img06Relais Landschaftsarchitekten, The Written Garden (2011)

Landscape comes into English language geography primarily from the German landschaft. Much has been written about the fact that the German word means area, without any particularly aesthetic or artistic, or even visual connotations.

Denis Cosgrove, Landscape as cultural product (1984)

The word landscape finds its roots in the Old Dutch word landskip, which designates a stretch of cultivated land. The word paysage in French stems from the Latin word pagus, which simply means an extent of land made by the peasant. In other words, landscape is the belabored making of the peasant, and has nothing to do with the ideal of untouched wilderness.

Christophe Girot, Immanent Landscape (2012)

Historically, landscape has had a range of meanings, some quite unrelated to art. One such meaning applies to civic classification of territory. It has been argued that the German Landshaft or Lantshaft was not originally a view of nature but rather a geographic ares defined by political boundaries. In the late fifteenth century, the land around a town was referred to as its landscape, a meaning that still survives in some places, as in the Swiss canton of Basel Landschaft.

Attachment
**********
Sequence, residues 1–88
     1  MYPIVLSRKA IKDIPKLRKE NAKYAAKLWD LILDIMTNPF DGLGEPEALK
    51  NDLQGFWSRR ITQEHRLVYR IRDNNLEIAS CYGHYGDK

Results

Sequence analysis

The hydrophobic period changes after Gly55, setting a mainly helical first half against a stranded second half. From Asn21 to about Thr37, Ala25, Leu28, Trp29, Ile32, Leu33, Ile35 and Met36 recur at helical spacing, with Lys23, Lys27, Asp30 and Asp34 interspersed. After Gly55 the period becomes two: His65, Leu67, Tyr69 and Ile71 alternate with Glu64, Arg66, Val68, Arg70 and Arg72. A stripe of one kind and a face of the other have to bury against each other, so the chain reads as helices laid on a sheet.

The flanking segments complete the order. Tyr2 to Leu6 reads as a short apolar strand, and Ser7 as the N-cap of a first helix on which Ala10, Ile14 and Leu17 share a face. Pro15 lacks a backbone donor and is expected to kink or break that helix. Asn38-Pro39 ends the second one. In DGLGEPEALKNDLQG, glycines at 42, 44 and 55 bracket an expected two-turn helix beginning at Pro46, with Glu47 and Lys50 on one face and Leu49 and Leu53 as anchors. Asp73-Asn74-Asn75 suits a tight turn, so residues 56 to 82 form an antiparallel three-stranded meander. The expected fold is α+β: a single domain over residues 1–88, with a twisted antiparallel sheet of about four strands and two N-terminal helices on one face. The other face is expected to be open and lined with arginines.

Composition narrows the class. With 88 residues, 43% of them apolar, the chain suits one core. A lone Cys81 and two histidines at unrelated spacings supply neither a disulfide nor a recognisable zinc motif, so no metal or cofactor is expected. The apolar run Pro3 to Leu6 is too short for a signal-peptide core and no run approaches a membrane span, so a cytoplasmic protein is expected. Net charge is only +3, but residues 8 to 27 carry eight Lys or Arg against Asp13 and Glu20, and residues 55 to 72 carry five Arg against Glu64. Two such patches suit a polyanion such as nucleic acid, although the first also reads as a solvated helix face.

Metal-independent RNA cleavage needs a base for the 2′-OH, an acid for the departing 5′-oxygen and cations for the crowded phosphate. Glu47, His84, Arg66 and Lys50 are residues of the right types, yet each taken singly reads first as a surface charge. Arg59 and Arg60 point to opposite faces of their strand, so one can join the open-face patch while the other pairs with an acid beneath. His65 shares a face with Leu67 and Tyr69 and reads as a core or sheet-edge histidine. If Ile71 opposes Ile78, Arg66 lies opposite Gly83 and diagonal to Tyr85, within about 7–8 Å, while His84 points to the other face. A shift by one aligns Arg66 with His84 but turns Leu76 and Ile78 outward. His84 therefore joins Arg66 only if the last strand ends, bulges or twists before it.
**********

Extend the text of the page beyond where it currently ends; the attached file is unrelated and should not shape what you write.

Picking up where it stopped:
Malcolm Andrews, Landscape and Western Art (1999)

This distinction can be traced back to the Old English term landskip, which at first refered not to land but to a picture of it, as in the later, selectively framed representations of seventeent-century Dutch landschap paintings. Soon after the appearance of this genre of painting the scenic concept was applied to the land itself in the form of large-scale rural vistas, designed estates, and ornamental garden art. Indeed, the development of landscape architecture as a modern profession derives, in large measure, from an impulse to reshape large areas of land according to prior imagining.

James Corner, Eidetic Operations and New Landscapes (1999)

Landscape is a familiar term that is rich and evocative, but also complex and at times confusing.

Simon Swaffield, Landscape as a way of knowing the world (2005)



To map is in one way or another to take the measure of a world, and more than merely take it, to figure the measure so taken in such a way that it may be communicated between people, places or times. The measure of mapping is not restricted to the mathematical; it may equally be spiritual, political or moral. By the same token the mapping’s record is not confined to the archival; it includes the remembered, the imagined, the contemplated. The world figured through mapping may thus be material or immaterial, actual or desired, whole or part, in various ways experienced, remembered or projected.

Denis Cosgrove, Mappings (1999)

s2_u3_su4_p1_08Robert Venturi, Denise Scott Brown and Steven Izenour, Learning from Las Vegas (1972)